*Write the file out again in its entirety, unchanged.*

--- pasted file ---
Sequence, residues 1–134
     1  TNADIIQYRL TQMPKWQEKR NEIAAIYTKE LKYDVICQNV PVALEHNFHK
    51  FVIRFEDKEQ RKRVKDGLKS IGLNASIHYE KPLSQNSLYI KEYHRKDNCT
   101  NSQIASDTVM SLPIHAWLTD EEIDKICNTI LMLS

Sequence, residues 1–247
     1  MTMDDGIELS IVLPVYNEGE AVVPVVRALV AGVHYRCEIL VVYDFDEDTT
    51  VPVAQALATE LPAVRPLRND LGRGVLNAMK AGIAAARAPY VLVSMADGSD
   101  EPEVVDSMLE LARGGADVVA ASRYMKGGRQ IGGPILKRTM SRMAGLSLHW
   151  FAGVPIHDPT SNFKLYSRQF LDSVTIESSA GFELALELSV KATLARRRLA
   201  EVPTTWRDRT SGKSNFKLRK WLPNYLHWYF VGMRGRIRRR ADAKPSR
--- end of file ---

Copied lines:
Sequence, residues 1–134
     1  TNADIIQYRL TQMPKWQEKR NEIAAIYTKE LKYDVICQNV PVALEHNFHK
    51  FVIRFEDKEQ RKRVKDGLKS IGLNASIHYE KPLSQNSLYI KEYHRKDNCT
   101  NSQIASDTVM SLPIHAWLTD EEIDKICNTI LMLS

Sequence, residues 1–247
     1  MTMDDGIELS IVLPVYNEGE AVVPVVRALV AGVHYRCEIL VVYDFDEDTT
    51  VPVAQALATE LPAVRPLRND LGRGVLNAMK AGIAAARAPY VLVSMADGSD
   101  EPEVVDSMLE LARGGADVVA ASRYMKGGRQ IGGPILKRTM SRMAGLSLHW
   151  FAGVPIHDPT SNFKLYSRQF LDSVTIESSA GFELALELSV KATLARRRLA
   201  EVPTTWRDRT SGKSNFKLRK WLPNYLHWYF VGMRGRIRRR ADAKPSR